• Arm diameters include 3", 4", 5", 6", and 8", and arm lengths include 3', 5', 7', 8', 10', 14', 16', 23', 30', and 36'.
  • Shut off dampers built internally.

Franklin Park Laboratory Extraction Arms

The laboratory extraction arm is comprised of thin-wall anodized aluminum tubes with polypropylene swivel joints. A frequent option selection is all polypropylene construction with stainless steel airstream components for highly corrosive airstreams. Additionally, these arms may be constructed of conductive polypropylene material for spark resistance and ATEX-rated explosive applications. Arm tube diameters range from two to four inches, and arm lengths range from two feet up to eight and a half feet. Arms can be paired with a wall or ceiling bracket, several optional hoods, or a suction nozzle. Franklin Park, Pennsylvania Laboratory bench mount arms are an option and are available in three and four-inch diameter tubes up to six feet in length.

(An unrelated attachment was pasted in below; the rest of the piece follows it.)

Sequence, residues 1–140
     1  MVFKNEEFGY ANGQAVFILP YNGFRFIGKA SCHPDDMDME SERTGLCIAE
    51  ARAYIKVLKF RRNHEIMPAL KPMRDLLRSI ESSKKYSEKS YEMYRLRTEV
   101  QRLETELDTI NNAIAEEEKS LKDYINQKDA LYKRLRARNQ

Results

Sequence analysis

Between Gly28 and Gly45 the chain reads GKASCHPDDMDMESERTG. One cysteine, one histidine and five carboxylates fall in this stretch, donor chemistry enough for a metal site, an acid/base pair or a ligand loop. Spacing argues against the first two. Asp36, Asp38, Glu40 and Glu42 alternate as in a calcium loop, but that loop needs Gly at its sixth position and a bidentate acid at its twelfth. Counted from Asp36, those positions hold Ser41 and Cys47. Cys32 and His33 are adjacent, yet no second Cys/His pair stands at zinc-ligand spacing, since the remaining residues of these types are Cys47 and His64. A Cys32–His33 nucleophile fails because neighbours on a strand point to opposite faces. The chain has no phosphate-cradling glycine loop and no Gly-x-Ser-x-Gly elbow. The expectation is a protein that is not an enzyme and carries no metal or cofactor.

• Market-leading low-pressure drop
  • Optional fume exhaust fans in aluminum, carbon steel, or PVC.
  • Polypropylene (P.P.), ESD (spark forming applications), and ATEX (combustible applications) options are available.
  • Wall brackets, ceiling brackets, and table mount brackets are available.
  • Arm diameters include 2", 3", and 4", and arm lengths include 25", 30", 39", 45",51", 53", 59", 65", 75", 79", 83", and 104".
  • Various hood options for more efficient source capture include dome hoods, square hoods, flat screen hoods, metal hoods, and suction nozzles.
Franklin Park Laboratory Extraction Arms
Franklin Park, Pennsylvania Extraction Arm Selection and Performance

Franklin Park, Pennsylvania Extraction Arm Selection and Performance